Understand Themes in Word 2016

By Dan Gookin

Themes in Word 2016 apply decorative styles, such as fonts and colors, to your document, giving your written efforts a professionally formatted feel with minimal fuss or talent. It’s like having a graphics designer assist you but without having to suffer through her lamentable complaints about how her boyfriend pays no attention to her and never takes her anywhere.

A theme consists of three elements:

  • Colors: A set of colors is chosen to format the text foreground and background, any graphics or design elements in the theme, plus hyperlinks.

  • Fonts: Two fonts are chosen as part of the theme — one for the heading styles and a second for the body text.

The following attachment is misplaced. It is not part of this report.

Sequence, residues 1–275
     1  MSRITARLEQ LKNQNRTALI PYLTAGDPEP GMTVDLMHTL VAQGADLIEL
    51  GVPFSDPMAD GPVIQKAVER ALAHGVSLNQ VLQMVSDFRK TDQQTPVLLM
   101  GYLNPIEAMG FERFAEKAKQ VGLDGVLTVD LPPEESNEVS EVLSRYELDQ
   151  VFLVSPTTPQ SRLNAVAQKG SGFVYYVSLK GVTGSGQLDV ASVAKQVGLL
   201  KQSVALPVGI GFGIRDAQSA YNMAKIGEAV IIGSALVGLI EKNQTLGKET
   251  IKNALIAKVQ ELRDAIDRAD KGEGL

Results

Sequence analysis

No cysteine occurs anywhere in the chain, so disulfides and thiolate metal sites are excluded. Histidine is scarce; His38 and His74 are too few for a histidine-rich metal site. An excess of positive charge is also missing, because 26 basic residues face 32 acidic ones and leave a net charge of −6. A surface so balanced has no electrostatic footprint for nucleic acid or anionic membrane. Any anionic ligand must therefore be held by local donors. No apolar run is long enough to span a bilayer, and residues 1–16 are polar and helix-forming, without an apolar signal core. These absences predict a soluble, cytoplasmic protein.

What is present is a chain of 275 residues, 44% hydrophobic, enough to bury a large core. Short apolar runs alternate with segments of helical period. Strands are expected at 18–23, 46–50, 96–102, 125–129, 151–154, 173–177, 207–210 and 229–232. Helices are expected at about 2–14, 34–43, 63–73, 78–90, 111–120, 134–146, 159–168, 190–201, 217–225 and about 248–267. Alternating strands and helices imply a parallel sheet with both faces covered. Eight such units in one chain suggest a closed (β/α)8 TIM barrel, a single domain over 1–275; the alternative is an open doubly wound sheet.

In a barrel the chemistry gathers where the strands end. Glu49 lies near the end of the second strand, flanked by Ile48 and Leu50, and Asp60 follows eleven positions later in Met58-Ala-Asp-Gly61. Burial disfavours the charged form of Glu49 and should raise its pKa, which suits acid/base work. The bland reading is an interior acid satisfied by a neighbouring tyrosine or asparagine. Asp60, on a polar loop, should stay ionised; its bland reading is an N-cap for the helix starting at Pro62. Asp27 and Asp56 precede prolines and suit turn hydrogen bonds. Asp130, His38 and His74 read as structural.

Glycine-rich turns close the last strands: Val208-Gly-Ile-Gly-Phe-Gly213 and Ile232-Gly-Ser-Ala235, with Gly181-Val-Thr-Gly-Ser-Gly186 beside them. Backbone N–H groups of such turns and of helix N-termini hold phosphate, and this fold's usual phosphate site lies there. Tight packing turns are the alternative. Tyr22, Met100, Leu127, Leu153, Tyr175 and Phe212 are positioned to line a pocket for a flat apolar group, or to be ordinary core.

• Graphical effects: These effects are applied to any graphics or design elements in your document. The effects can include 3-D, shading, gradation, drop shadows, and other design subtleties.

Each of these elements is organized into a theme, given a name, and placed on the Design tab’s Themes menu for easy application in your document.

  • A professionally licensed, certified mentally stable graphics designer creates a theme’s fonts, colors, and design effects so that they look good and work well together.

  • A theme doesn’t overrule styles chosen for a document. Instead, it accents those styles. The theme may add color information, choose different fonts, or present various graphical elements. Beyond that, it doesn’t change any styles applied to the text.

  • The graphical effects of a theme are only applied to any graphics in your document; the theme doesn’t insert graphics into your text.

  • Choosing a theme affects your entire document all at once. To affect individual paragraphs or bits of text, apply a style or format manually.